However steady the metaphoric ship holding the stock markets may appear at the moment, many "in the know" are worried about the ultimate, painful demise of the bull market on Wall St.
Signs of Financial Apocalypse?
After seven years of consistent gains that saw U.S. stock indices hit new all-time highs, the bull market is exhausted. This is only natural in the cyclical nature of markets. However, the big concern this time is how the inflation of asset bubbles through (essentially) money-printing was the underlying driver of the gains in the first place. When the party ends, these bubbles inevitably pop. You might think of the Wall St casino as a game of musical chairs, except that when the music stops, there are actually no chairs at all! The collapse of this system has also been likened to "falling off a cliff"—because the drop goes down so far.
For an idea of how far the fall can be, the current size of the derivatives market harks to alarming visions of the financial collapse of 2008. As of last December, the global market value of all financial derivatives (mostly leveraged, collateralized debt made of thin air) totaled $1.2 quadrillion ($1,200,000,000,000,000). These derivatives dwarfs all other forms of wealth in the world. Yet, they are inherently nothing, and are only tied to some other underlying asset or market. What happens when this "house of cards" falls?
As another sign that the financial sector has gotten completely inflated, note that the number of new CFAs (chartered financial analysts) added each year to the Wall St flock has increased tenfold over the last two decades (from about 1,000 per year to 10,000 per year).
After peaking last summer, the factors weighing on profits for the financial engineering industry are coming to a head. On the employment side, not only is the number of analysts becoming bloated, but they may soon be replaced by high-frequency trading (HFT) alogrithms and "fintect" (financial technology) that makes human analysts much more expendable.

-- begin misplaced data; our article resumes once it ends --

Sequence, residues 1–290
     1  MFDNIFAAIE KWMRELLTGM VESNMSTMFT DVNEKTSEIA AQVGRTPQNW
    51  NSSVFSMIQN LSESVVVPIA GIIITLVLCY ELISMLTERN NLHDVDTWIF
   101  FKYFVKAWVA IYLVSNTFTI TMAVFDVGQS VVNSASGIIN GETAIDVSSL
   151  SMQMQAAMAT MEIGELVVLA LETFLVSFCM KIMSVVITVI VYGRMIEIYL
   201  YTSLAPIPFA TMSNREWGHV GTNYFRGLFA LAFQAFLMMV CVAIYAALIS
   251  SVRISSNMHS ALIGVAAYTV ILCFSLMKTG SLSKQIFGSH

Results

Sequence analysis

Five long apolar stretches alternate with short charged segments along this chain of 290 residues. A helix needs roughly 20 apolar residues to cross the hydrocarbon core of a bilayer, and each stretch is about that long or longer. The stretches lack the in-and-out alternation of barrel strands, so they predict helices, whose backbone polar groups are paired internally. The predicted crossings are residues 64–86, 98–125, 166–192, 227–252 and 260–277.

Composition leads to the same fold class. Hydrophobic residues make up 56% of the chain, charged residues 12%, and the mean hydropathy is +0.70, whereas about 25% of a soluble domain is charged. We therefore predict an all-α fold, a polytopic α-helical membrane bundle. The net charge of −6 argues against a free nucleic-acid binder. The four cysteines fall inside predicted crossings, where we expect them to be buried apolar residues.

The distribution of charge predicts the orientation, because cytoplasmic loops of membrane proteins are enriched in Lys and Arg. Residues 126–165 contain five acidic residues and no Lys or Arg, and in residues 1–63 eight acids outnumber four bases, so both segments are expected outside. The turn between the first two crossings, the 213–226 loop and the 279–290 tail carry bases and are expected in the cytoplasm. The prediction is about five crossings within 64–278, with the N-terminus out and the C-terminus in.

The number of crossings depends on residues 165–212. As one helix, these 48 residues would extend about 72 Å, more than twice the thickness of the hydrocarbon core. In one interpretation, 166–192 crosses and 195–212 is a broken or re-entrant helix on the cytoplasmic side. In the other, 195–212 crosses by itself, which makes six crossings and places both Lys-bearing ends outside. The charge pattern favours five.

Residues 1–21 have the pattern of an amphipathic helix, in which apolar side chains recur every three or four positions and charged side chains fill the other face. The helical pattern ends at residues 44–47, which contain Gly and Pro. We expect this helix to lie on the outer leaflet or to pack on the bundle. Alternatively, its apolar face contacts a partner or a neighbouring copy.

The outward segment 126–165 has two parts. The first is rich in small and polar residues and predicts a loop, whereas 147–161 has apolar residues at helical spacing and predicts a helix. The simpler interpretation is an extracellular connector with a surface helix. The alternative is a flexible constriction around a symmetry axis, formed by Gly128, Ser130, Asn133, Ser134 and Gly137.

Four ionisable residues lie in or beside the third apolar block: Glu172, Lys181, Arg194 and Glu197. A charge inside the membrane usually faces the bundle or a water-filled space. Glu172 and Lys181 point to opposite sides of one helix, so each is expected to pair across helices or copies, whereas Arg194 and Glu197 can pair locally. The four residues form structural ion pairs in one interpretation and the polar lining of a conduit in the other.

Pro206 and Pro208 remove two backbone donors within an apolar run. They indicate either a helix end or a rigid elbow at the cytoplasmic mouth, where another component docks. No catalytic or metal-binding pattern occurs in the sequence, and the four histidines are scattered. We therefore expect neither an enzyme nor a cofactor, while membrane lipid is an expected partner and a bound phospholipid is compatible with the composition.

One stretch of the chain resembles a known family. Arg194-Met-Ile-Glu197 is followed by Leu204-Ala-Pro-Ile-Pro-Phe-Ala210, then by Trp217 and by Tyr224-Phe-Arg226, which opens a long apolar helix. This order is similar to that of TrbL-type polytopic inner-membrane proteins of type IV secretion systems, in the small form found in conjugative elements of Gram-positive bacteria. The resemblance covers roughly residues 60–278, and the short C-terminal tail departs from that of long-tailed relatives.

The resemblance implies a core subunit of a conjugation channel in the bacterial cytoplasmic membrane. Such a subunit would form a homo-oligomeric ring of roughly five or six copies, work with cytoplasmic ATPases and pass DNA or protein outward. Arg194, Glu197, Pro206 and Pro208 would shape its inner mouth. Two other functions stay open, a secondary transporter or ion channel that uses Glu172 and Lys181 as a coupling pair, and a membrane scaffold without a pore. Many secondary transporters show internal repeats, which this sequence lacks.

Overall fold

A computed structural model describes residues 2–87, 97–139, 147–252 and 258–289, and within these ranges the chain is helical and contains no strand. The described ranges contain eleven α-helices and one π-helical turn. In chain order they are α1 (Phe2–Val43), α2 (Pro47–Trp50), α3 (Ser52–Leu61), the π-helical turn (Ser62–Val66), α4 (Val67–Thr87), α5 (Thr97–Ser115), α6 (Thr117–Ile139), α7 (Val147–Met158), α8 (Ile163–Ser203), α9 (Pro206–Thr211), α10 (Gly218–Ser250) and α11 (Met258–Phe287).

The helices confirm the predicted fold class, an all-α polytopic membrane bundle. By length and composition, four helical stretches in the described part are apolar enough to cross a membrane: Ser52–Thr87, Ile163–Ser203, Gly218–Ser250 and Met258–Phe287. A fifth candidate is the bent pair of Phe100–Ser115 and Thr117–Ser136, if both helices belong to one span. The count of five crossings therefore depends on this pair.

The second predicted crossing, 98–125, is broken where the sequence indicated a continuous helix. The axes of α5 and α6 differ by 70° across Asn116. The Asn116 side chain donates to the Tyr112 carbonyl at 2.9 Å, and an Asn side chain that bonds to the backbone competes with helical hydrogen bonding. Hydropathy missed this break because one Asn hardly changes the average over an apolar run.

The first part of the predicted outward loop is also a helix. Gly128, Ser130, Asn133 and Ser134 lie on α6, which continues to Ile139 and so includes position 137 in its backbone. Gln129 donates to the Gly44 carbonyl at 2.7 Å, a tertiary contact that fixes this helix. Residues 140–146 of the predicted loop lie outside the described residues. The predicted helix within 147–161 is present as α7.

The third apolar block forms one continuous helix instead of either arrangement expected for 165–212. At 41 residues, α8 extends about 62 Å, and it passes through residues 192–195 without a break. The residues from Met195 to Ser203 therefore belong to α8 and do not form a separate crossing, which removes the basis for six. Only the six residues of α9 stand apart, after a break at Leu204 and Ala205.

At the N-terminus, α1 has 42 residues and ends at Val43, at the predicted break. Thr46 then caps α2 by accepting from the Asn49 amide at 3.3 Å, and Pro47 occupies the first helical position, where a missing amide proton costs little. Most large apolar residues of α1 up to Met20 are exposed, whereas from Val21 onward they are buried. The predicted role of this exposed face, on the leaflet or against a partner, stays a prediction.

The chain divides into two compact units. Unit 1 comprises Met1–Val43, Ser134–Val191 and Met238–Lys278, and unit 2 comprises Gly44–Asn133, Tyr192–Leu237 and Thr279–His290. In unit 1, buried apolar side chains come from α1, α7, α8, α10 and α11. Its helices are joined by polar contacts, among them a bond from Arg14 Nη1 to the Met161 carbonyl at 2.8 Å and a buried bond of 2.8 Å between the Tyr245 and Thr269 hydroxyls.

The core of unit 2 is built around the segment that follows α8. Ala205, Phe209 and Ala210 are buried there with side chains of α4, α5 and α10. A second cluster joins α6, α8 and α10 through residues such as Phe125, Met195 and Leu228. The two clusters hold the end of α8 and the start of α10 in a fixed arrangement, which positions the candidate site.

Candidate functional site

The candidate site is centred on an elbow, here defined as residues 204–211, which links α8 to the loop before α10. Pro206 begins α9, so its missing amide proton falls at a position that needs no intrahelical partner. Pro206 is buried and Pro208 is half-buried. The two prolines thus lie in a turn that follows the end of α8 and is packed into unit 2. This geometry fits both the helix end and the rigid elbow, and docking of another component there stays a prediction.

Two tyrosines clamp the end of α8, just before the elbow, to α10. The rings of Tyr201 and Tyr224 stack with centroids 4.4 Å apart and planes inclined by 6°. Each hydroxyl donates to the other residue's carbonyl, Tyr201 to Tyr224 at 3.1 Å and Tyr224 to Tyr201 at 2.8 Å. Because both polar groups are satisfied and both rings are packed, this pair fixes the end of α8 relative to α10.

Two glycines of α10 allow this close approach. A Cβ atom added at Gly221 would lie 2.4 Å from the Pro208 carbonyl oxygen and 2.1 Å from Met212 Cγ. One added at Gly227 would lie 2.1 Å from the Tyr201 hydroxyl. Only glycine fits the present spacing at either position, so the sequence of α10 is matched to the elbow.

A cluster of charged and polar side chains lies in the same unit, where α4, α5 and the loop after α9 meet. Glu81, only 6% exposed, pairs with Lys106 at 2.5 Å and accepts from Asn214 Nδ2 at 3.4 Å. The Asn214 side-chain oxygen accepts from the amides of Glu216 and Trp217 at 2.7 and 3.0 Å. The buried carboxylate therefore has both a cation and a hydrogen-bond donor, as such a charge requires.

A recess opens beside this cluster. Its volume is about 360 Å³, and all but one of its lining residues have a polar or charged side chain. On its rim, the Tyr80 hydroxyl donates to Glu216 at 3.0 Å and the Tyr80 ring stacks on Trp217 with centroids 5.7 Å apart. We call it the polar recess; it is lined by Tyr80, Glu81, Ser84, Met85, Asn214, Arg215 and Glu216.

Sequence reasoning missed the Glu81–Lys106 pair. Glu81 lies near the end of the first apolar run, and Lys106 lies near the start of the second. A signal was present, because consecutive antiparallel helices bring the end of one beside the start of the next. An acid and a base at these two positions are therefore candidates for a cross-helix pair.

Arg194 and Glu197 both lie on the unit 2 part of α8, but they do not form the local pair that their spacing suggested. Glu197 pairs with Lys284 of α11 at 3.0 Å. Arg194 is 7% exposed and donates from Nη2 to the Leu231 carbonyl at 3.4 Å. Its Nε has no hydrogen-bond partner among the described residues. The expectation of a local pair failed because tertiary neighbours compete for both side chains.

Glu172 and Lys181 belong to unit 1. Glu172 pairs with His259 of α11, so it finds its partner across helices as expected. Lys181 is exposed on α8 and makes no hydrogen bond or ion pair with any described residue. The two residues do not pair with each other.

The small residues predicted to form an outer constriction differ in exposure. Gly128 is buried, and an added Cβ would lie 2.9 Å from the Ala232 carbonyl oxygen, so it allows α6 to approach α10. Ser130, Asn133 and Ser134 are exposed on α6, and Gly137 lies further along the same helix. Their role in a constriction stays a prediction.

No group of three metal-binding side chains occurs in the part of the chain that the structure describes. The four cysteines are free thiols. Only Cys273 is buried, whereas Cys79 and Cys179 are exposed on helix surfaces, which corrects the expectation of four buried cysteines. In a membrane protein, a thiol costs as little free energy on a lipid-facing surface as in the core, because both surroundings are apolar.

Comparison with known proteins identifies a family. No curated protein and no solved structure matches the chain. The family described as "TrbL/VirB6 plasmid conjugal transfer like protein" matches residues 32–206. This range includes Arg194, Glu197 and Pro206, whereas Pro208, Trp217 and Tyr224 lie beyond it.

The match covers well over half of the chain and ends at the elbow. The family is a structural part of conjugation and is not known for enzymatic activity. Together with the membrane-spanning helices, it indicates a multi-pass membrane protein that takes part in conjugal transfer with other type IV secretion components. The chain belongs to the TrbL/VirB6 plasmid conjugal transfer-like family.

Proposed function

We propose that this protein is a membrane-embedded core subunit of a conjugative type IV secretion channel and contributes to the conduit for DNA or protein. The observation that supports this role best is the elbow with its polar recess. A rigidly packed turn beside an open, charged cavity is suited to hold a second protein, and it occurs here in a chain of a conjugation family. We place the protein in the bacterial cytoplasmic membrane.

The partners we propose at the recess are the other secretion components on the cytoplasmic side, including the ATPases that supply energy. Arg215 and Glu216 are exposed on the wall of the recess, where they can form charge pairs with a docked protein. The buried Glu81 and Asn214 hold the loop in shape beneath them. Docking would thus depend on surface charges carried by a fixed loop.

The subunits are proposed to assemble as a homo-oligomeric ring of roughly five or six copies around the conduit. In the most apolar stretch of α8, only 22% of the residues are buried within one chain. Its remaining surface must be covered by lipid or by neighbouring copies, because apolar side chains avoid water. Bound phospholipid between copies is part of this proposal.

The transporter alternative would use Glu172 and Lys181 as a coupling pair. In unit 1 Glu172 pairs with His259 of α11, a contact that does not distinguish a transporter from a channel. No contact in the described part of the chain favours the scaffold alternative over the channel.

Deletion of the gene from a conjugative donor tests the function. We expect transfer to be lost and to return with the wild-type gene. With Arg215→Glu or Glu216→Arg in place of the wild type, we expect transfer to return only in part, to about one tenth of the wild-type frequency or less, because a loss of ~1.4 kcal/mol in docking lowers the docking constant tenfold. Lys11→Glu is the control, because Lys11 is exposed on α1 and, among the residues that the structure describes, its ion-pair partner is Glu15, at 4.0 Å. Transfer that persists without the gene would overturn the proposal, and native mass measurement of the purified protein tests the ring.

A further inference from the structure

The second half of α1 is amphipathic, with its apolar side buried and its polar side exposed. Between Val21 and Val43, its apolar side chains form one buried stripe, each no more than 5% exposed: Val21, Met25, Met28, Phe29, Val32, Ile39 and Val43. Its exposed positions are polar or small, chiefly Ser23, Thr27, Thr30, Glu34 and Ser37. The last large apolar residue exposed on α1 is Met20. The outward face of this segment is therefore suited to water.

Beyond the employment dynamics, even the seemingly "good bets" made by Wall St luminaries are now being nullified by "crowded trades." There always has to be someone on the losing end of the Wall St casino, so popular plays like Netflix and Amazon have become devoid of value for newcomers. Returns have simply grown harder and harder to come by for investors and shareholders in today's markets. In short, business is no longer booming.
The Case for Safe Haven
With this writing on the wall, so to speak, precious metals have become an increasingly attractive alternative. At minimum, gold offers diversity and a hedge against such an utter collapse. It is frequently "seen as a barometer for skepticism about the modern financial system," which was undoubtedly the case following the financial crisis and has again been on display during the sharp rally for precious metals so far in 2016.
The opinions and forecasts herein are provided solely for informational purposes, and should not be used or construed as an offer, solicitation, or recommendation to buy or sell any product.